London: Britain's first "official" astronaut, 41-year-old Major Tim Peake, has been selected to go on a five-month mission to the International Space Station in 2015, a media report said Sunday.
Peake, a former army helicopter pilot, graduated as a European Space Agency astronaut more than two years ago and has been waiting for a space mission since then, the Guardian daily said.
However, Peake has been assigned a lengthy stay in orbit in 2015.
He will take off on a Russian Soyuz rocket from Kazakhstan in November 2015, and will take part in spacewalks and other complex scientific activities.
British space officials are, however, yet to reveal any information about Peake's forthcoming mission, the daily said.
Peake, who is married and has two sons, is considered to be Britain's first official astronaut because British citizens who have flown to space in the past have either been privately funded for their missions or have made the space journey as citizens of other countries.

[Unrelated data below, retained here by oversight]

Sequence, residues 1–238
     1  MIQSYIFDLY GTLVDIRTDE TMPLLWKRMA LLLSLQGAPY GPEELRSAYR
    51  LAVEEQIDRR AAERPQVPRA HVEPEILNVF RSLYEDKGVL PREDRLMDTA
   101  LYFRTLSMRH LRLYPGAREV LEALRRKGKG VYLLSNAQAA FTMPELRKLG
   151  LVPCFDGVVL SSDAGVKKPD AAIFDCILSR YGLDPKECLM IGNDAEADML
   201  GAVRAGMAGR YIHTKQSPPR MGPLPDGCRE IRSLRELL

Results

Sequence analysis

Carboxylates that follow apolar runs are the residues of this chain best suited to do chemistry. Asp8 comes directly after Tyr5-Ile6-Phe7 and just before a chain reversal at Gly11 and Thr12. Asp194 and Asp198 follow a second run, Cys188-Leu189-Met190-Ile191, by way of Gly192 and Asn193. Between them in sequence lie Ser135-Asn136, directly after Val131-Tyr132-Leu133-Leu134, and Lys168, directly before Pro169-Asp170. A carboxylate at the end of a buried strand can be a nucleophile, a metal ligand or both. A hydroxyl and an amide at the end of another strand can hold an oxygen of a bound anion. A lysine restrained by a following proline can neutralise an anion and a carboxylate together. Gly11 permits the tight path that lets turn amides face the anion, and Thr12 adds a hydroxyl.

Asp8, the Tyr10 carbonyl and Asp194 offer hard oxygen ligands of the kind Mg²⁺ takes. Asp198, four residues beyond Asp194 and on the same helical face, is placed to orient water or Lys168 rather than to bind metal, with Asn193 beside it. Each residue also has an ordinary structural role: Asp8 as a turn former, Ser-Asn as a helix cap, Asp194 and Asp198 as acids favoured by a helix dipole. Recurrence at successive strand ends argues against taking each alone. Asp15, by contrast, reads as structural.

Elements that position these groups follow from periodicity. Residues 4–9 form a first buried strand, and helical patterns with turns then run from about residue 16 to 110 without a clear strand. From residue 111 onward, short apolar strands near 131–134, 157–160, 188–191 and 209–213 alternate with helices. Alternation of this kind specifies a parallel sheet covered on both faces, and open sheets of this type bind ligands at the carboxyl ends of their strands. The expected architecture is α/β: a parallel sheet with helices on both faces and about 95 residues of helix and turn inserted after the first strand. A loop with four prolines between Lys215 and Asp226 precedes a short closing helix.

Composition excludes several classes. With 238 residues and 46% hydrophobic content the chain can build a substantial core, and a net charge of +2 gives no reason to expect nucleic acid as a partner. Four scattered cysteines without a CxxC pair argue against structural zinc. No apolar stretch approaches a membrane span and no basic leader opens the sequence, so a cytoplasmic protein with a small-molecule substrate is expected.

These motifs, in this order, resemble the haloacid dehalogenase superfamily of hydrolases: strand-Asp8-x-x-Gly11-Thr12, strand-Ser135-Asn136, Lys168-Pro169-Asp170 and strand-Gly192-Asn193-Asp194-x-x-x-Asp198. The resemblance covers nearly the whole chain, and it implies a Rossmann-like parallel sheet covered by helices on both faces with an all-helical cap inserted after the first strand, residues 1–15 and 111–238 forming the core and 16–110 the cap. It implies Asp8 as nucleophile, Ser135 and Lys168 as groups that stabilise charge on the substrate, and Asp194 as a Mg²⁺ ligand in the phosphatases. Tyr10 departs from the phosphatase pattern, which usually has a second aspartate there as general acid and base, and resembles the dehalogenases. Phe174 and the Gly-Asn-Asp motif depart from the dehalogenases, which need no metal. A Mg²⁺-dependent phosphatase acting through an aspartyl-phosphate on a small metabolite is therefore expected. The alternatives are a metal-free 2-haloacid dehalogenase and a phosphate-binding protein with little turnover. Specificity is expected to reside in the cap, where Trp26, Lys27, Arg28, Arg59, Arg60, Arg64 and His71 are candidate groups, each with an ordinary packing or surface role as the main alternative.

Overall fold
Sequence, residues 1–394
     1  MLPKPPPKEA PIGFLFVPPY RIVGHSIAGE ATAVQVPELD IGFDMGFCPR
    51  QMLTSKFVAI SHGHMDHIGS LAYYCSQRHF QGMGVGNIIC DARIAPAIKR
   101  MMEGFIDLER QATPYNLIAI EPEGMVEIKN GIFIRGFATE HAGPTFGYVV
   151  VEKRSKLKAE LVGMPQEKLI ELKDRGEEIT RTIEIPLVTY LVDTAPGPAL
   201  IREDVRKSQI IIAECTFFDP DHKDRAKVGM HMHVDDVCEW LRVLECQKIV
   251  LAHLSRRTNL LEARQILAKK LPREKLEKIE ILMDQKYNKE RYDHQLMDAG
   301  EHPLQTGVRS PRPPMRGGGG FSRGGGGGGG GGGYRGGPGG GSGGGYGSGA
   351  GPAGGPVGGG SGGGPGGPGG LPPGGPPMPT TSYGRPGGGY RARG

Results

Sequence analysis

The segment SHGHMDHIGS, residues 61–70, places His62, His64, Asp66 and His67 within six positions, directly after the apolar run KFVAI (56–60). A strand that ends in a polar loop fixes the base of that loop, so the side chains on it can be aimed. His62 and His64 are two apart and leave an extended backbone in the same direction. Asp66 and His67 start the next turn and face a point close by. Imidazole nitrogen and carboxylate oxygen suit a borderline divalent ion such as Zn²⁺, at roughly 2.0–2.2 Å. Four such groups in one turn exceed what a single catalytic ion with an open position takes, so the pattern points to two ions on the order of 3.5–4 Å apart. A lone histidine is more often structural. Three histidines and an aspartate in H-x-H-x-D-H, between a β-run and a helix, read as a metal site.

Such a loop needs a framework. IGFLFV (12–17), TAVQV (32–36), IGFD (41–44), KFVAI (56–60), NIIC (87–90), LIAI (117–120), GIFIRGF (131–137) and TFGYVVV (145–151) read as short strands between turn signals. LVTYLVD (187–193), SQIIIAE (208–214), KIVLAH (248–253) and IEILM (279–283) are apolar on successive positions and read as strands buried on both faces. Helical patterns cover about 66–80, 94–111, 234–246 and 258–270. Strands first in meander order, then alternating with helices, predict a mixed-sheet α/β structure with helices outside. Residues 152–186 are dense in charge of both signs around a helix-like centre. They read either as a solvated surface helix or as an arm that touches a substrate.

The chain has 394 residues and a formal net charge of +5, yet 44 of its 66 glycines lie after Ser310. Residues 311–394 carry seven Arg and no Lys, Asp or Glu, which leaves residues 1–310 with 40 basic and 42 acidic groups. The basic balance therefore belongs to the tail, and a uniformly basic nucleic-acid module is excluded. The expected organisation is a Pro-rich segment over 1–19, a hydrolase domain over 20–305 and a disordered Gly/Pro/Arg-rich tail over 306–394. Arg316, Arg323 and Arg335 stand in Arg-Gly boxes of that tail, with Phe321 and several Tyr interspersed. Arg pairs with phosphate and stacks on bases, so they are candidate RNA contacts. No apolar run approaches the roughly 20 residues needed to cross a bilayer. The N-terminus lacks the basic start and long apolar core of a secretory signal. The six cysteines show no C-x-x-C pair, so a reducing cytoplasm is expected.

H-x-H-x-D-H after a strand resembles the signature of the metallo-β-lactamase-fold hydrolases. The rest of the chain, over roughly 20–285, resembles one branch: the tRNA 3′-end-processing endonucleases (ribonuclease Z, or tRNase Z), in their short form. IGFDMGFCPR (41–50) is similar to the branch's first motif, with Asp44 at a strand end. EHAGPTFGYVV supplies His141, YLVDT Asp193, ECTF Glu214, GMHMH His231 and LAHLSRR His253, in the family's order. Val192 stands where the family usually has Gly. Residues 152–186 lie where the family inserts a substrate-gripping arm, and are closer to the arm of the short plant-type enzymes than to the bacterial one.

Helen Sharman flew on a Russian rocket in 1991, and Nick Foale and Piers Sellers have both flown on the US space shuttle, after taking American citizenship.
Peake was picked to be one of six ESA astronauts who were selected, in 2009, from several thousand candidates.
During their 14-month training programme, the six travelled to NASA's astronaut base in Houston, the Russian astronaut training centre in Star City outside Moscow, Tsukuba Space Centre in Japan, and spent two weeks on a survival course in Sardinia.
Peake completed his training in November 2010 and has been waiting to be assigned a spaceflight.
However, he has denied that the wait was causing problems.
"No, it doesn't get frustrating at all - there's just so much going on, so much diversity, and there's brilliant training all along the way," he told BBC.